Is it just a coincidence that Sanger wrote this piece immediately after the Democrats won control of the House of Representatives—the same Democrats who blocked Trump from reducing troop levels below 28,000 in South Korea?

We know that the profits of defense contractors will drastically decrease if peace breaks out on the Korean Peninsula. The study by the Center for Strategic and International Studies (CSIS) from which Scoop gathered his juicy statements is unreliable as they have an obvious bias. (The NY Times itself has informed us that the CSIS works for the arms industry in “How Think Tanks Amplify Corporate America’s Influence,” 7 August 2016). These are the companies and people who live off the “North Korean threat.”

Here is a quick list of some of the dangers of peace for defense contractors and the US military establishment: The expensive THAAD deals in South Korea and the Aegis Ballistic Missile Defense System could be put in jeopardy. Troops could be withdrawn from Korea. The two new bases being constructed in Henoko and Takae, Okinawa could be threatened. (There is already intense, relentless opposition in Okinawa to these new bases). Prime Minister Shinzo Abe and the ultranationalists of his ilk could fall from power in Japan. And his plans to delete Article 9 (that prohibits Japan from attacking other countries) and end Japan’s peace constitution could be derailed, thereby preventing Japan’s “Self-Defense Forces” from fullyintegrating with the US military-industrial complex.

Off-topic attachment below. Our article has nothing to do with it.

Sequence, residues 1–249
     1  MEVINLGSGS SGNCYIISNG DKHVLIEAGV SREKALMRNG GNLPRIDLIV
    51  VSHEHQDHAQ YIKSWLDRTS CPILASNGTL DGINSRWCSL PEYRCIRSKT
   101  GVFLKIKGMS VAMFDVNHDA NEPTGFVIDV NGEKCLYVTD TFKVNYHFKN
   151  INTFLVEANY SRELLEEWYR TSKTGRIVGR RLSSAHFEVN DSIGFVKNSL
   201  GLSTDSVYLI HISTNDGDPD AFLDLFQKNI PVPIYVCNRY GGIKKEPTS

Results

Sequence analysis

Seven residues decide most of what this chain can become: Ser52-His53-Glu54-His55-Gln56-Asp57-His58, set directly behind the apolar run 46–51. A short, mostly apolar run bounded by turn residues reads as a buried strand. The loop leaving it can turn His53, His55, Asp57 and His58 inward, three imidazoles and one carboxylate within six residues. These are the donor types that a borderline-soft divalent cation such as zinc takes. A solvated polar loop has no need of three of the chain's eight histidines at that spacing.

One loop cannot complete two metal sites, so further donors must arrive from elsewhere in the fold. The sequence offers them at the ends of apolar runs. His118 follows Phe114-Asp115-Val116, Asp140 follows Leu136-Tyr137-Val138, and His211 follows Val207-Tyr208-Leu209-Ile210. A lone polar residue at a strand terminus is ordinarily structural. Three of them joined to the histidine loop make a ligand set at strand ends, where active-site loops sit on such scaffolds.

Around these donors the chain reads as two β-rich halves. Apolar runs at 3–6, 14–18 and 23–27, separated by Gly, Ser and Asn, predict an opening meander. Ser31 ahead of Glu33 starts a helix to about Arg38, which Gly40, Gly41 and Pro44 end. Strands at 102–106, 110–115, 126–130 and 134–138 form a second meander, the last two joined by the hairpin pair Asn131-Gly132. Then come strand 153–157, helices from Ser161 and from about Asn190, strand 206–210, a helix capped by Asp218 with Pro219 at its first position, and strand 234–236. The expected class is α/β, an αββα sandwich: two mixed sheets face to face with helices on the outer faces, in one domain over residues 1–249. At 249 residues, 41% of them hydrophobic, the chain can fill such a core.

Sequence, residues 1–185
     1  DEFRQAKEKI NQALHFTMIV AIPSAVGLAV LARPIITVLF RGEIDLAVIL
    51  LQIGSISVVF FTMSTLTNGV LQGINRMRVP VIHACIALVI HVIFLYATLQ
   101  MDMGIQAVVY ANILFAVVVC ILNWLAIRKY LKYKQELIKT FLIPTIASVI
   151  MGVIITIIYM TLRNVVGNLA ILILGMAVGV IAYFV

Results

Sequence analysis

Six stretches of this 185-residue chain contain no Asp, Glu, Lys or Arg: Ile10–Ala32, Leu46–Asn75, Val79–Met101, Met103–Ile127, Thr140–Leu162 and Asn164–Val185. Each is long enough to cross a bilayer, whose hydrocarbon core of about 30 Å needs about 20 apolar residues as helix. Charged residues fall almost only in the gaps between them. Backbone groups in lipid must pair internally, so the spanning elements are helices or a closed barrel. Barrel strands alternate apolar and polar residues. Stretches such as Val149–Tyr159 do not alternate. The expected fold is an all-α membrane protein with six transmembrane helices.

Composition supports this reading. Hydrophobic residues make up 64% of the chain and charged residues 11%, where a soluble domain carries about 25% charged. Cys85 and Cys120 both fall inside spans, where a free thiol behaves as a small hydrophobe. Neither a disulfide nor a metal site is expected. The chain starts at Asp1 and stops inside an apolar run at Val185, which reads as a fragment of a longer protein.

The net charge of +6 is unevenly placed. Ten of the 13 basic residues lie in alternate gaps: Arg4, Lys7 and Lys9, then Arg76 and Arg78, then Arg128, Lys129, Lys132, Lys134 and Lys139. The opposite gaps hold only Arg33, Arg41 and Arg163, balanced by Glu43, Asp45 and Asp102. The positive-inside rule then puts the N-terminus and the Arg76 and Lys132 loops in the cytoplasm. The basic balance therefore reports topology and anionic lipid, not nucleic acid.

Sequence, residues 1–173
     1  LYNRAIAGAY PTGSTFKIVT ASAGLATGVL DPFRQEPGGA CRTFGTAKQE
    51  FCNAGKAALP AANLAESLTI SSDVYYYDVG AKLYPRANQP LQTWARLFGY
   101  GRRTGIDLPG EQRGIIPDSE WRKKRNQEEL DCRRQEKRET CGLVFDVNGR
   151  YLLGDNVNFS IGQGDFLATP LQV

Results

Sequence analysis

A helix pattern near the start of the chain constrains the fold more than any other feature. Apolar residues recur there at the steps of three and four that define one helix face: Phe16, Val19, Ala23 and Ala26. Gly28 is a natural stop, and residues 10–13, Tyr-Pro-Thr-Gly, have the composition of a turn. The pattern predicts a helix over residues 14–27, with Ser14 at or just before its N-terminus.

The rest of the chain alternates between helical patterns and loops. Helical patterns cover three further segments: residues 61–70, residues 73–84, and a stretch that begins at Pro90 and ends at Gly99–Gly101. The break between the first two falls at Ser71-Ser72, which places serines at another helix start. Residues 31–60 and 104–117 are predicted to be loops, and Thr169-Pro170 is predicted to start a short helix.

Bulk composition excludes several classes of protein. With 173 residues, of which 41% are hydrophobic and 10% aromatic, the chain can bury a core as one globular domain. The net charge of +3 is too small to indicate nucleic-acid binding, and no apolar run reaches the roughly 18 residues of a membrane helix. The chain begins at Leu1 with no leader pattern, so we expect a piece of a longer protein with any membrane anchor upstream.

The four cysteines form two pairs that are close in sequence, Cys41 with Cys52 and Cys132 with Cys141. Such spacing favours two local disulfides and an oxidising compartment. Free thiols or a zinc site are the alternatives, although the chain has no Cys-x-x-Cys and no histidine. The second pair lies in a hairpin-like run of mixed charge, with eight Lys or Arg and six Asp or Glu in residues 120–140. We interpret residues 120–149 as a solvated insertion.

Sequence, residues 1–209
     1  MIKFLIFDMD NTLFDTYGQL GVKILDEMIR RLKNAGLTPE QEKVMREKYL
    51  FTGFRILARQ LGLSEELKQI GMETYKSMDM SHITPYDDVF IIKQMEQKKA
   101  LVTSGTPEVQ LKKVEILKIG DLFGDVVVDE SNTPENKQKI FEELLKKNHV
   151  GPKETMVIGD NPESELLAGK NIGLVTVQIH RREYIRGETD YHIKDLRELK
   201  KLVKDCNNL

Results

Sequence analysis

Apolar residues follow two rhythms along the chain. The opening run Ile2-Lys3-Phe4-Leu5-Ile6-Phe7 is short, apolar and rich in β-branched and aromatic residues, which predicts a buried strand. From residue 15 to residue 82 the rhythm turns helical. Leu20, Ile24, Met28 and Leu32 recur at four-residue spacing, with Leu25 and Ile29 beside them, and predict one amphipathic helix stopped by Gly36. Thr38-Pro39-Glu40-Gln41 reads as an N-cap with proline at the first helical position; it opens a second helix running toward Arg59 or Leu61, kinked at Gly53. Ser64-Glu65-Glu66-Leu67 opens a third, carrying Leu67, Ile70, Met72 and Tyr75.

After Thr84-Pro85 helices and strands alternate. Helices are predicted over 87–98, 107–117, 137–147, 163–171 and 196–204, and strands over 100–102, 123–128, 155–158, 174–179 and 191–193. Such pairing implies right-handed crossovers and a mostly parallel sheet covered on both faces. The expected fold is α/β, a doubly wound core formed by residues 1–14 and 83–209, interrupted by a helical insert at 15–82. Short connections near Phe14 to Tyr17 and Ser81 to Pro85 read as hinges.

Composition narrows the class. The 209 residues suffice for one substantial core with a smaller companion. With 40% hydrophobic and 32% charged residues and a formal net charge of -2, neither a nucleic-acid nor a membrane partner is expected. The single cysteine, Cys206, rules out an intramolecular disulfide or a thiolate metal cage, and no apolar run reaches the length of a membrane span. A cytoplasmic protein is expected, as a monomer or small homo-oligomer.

In the dominant US media today we are presented with a choice between the fake news of Trump and the deception of fake liberal/progressive journalists, who also sometimes resort to fake news themselves. A huge amount of money and power are at stake in Korea. Peace in Korea threatens the livelihoods, the stocks, the war industries, the prestige of many people. Such are the dangers of peace, but peace must come, and come it will, largely through the strong will of the peace and democracy-loving people of South Korea.

The geopolitical order in Northeast Asia could be permanently altered, and what is terrifying for many elites of the US establishment is that the US could lose its hegemonic position, its ability to dominate markets there, and the possibility of realizing the material fantasy of the “Open Door”—a fantasy that a tiny number of greedy Americans have held dear for the last 120 years.

Many thanks to Stephen Brivati for comments, suggestions, and editing.

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Joseph Essertier is an associate professor at the Nagoya Institute of Technology in Japan.